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ST. LOUIS, Nov 15, 2005 (UPI via COMTEX) -- St. Louis University School of Medicine scientists are recommending diabetic women undergo dobutamine echocardiography stress testing.
The researchers studied 421 diabetic women between the ages of 49 and 75 and found the tests to be valuable in helping physicians predict life-threatening heart problems.
"Our research is extremely important because women in this age group are historically under diagnosed, and by detecting problems earlier, we can help prevent heart attack or death and extend these women's lives," said Dr. Melda Dolan, an associate professor of cardiology.
Dobutamine stress echocardiography tests are ultrasound heart scans in which patients are injected with a drug that makes their heart beat faster to determine if they have heart wall abnormalities. No exercise is involved.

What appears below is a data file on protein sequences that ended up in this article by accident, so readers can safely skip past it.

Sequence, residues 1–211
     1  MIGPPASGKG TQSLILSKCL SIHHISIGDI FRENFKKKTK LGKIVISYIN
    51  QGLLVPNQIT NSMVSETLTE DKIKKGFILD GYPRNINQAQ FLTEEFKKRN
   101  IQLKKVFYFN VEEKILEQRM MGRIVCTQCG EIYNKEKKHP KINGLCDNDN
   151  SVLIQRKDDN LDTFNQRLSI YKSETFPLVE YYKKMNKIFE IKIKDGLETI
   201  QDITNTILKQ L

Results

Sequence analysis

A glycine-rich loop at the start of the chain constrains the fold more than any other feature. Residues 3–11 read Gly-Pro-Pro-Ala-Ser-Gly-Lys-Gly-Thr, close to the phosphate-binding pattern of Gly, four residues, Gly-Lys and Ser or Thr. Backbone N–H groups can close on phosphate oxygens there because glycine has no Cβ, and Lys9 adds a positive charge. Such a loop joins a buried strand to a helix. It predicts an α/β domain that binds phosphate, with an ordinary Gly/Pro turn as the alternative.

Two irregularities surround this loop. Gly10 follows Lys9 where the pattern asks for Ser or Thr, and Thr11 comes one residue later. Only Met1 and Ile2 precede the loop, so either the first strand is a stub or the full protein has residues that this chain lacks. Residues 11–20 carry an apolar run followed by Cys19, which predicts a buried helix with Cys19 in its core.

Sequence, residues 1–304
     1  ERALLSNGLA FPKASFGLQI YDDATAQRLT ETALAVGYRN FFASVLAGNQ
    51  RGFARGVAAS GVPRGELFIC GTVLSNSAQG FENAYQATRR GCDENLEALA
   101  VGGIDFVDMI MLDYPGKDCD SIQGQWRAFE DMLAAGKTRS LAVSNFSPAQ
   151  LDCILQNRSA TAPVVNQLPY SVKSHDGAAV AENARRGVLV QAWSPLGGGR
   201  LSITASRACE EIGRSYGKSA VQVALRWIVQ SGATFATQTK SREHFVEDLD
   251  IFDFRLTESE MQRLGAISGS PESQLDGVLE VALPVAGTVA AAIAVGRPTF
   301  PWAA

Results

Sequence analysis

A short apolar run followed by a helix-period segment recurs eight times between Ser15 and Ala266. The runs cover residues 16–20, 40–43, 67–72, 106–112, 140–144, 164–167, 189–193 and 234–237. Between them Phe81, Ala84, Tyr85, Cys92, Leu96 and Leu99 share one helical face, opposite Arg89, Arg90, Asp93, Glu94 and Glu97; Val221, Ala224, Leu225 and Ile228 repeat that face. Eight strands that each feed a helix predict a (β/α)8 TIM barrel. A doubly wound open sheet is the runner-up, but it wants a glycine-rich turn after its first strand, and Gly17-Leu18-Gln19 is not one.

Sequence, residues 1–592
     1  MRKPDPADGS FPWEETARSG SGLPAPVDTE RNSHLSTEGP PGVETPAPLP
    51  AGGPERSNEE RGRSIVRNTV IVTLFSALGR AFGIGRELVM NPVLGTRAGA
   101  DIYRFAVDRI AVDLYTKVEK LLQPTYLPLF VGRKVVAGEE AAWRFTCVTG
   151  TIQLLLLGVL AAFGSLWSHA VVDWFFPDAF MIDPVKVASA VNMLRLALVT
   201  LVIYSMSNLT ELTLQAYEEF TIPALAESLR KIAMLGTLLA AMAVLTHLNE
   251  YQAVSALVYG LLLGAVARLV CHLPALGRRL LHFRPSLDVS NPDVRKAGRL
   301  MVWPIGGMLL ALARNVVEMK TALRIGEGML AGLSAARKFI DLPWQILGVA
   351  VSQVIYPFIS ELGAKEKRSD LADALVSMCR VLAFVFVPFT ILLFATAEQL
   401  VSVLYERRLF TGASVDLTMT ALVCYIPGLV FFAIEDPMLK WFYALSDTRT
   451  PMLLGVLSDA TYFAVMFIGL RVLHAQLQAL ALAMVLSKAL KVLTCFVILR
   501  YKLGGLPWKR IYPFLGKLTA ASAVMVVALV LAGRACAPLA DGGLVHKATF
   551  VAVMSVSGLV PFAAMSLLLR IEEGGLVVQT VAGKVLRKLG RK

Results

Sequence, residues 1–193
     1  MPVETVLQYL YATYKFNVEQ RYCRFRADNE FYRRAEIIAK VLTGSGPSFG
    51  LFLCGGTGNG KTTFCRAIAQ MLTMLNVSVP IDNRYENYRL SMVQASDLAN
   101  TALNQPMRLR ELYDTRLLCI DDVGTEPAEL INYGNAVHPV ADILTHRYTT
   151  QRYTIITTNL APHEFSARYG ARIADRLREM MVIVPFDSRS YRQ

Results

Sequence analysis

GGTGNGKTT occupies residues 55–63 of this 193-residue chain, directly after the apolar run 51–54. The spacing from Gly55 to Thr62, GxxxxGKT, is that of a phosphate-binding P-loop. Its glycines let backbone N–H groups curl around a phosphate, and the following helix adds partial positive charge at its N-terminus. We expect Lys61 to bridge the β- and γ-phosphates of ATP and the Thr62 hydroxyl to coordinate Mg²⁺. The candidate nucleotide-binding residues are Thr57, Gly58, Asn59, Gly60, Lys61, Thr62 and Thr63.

"Women with diabetes and other clinical risk factors, such as smoking, obesity and a family history, are more likely to have heart disease or die from it," said Dolan. "Dobutamine stress echo tests serve an important role in predicting heart attacks or cardiac death in these higher-risk women."
Dolan is to present two papers Wednesday during the annual American Heart Association meeting in Dallas. Both papers explore the role of the stress tests in detecting heart disease.
Copyright 2005 by United Press International